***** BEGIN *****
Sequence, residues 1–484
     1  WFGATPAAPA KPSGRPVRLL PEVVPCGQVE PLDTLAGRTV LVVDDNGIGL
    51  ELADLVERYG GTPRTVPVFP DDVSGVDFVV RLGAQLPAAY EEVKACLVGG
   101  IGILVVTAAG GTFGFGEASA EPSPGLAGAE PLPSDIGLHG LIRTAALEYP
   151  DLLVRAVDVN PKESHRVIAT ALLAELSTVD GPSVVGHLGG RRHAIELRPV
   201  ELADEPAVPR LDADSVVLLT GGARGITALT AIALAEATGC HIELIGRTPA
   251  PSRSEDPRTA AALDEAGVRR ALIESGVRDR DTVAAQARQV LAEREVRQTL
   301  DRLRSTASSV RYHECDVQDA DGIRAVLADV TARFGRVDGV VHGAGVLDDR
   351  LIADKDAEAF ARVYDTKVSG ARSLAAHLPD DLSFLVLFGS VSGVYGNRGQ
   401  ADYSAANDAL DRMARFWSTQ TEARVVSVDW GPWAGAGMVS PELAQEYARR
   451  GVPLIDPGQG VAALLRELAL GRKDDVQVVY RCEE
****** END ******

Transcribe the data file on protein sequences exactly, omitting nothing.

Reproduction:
Sequence, residues 1–484
     1  WFGATPAAPA KPSGRPVRLL PEVVPCGQVE PLDTLAGRTV LVVDDNGIGL
    51  ELADLVERYG GTPRTVPVFP DDVSGVDFVV RLGAQLPAAY EEVKACLVGG
   101  IGILVVTAAG GTFGFGEASA EPSPGLAGAE PLPSDIGLHG LIRTAALEYP
   151  DLLVRAVDVN PKESHRVIAT ALLAELSTVD GPSVVGHLGG RRHAIELRPV
   201  ELADEPAVPR LDADSVVLLT GGARGITALT AIALAEATGC HIELIGRTPA
   251  PSRSEDPRTA AALDEAGVRR ALIESGVRDR DTVAAQARQV LAEREVRQTL
   301  DRLRSTASSV RYHECDVQDA DGIRAVLADV TARFGRVDGV VHGAGVLDDR
   351  LIADKDAEAF ARVYDTKVSG ARSLAAHLPD DLSFLVLFGS VSGVYGNRGQ
   401  ADYSAANDAL DRMARFWSTQ TEARVVSVDW GPWAGAGMVS PELAQEYARR
   451  GVPLIDPGQG VAALLRELAL GRKDDVQVVY RCEE